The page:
The recent forest fire incidents are becoming a major concern as they seriously threaten the environment, economy and human's safety. This research study aims to figure out forest fire hotspots using advanced hotspot analysis in Geographical Information Systems (GIS). Further it can help propose appropriate preventive measures using Site Suitability and Network Analyses in GIS. The study focuses on Brunei Darussalam because it is increasingly struck by forest fire incidents among all regions in Southeast Asia.
Invasive species have diverse impacts in different locations, including biodiversity loss, as a result of native species being outcompeted for similar resources. A U.S. research team, led by Dr. Ann Hajek, Cornell University, studied the case of an aggressive Eurasian woodwasp that has recently established in North America and poses a threat to a native species. Their study is published in the open-access journal NeoBiota.
A team of scientists from Siberian Federal University (SFU) and their colleagues from Novosibirsk and the Netherlands modeled the process of coal burning in HPP boilers and found out which type of fuel produced less harmful emissions. The study was published in Fuel journal.
As with all things in life, healthy brain function depends on a balance of forces. We think of our brains as active - moving a leg and saying a word are all "active" events. But it is just as important for our brains to be able to stop these actions -to stop our leg, and to stop our speech. But how do our brains actually perform the go/stop function?
Charge ordering in mixed-valence compounds, which usually contain positively charged cations in more than one formal charge state, is of crucial importance for materials science. Many functional properties of materials like magnetism, magnetoresistance, ionic conductivity and superconductivity are found in mixed valence compounds. One of the very first attempts to understand the mechanism of a charge ordering transition dates back to 1939 when Evert Verwey, a Dutch chemist, observed a sudden jump in resistivity in the prototypic mixed valence compound magnetite, Fe3O4, near -150°C.
BIRMINGHAM, Ala. - Plants lack eyes and ears, but they can still see, hear, smell and respond to environmental cues and dangers -- especially to virulent pathogens. They do this with the aid of hundreds of membrane proteins that can sense microbes or other stresses.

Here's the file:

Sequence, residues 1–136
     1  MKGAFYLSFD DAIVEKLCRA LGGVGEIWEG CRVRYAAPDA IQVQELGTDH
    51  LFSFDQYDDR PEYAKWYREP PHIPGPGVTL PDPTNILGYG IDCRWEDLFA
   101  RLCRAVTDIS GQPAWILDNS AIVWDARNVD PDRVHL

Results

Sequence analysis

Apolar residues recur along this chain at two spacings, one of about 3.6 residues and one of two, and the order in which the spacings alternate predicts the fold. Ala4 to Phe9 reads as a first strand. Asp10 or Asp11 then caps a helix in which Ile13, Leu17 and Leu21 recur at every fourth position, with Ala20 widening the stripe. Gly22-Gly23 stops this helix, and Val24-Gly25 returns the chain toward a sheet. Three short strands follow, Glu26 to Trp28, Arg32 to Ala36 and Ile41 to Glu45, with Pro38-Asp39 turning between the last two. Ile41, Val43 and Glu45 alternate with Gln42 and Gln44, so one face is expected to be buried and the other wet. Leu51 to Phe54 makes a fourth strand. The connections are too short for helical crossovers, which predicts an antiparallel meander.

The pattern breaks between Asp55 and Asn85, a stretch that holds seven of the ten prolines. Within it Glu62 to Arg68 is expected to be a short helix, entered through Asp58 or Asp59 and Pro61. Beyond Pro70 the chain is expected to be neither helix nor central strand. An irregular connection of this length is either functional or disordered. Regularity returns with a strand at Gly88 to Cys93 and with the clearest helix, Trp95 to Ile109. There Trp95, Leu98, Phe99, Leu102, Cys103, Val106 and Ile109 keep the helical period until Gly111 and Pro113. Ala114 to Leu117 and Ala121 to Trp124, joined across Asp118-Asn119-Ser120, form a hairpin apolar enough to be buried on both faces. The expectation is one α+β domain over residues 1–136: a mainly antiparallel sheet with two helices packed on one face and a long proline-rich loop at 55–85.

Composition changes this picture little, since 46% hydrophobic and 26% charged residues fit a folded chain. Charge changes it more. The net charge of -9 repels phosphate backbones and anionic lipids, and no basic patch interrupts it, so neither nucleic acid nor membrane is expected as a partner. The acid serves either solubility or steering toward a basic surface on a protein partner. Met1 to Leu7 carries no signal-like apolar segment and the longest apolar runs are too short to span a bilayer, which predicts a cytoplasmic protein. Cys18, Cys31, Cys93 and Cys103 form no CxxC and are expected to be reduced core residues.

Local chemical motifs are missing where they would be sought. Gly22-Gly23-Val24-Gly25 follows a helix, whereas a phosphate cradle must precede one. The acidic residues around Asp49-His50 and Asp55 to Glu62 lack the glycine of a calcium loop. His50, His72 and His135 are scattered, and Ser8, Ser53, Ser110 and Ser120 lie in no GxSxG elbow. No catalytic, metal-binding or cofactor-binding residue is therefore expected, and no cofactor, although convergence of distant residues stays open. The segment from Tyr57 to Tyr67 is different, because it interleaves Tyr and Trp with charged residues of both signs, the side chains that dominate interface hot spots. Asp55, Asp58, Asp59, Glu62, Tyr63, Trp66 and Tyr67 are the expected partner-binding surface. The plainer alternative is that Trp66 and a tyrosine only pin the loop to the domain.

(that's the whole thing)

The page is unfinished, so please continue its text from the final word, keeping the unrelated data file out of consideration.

MIT researchers have developed hardware that uses electric fields to move droplets of chemical or biological solutions around a surface, mixing them in ways that could be used to test thousands of reactions in parallel.
On their fall migration south in the Northern Hemisphere, scores of birds are being lured by artificial light pollution into urban areas that may be an ecological trap, according to the University of Delaware's Jeff Buler.
Buler, associate professor in UD's Department of Entomology and Wildlife Ecology, and his research team used 16 weather surveillance radars from the northeastern United States over a seven-year period to map the distributions of migratory birds during their fall stopovers. The research is published in the scientific journal Ecology Letters.
Bikram yoga, a hot yoga style, is no more effective at improving health than the same yoga postures at room temperature - that's what research published in Experimental Physiology and carried out by Texas State University and the University of Texas at Austin, USA, has found.
A new study from WCS (Wildlife Conservation Society) and partners reveals for the first time the ways in which wild weather swings and extreme icing events are negatively impacting the largest land mammal of the Earth's polar realms--the muskoxen. The paper demonstrates that while this denizen of the Arctic and other cold-adapted species have spectacular adaptations, the previously unknown effects of rain-on-snow events, winter precipitation, and ice tidal surges are costly for the animals, if not deadly.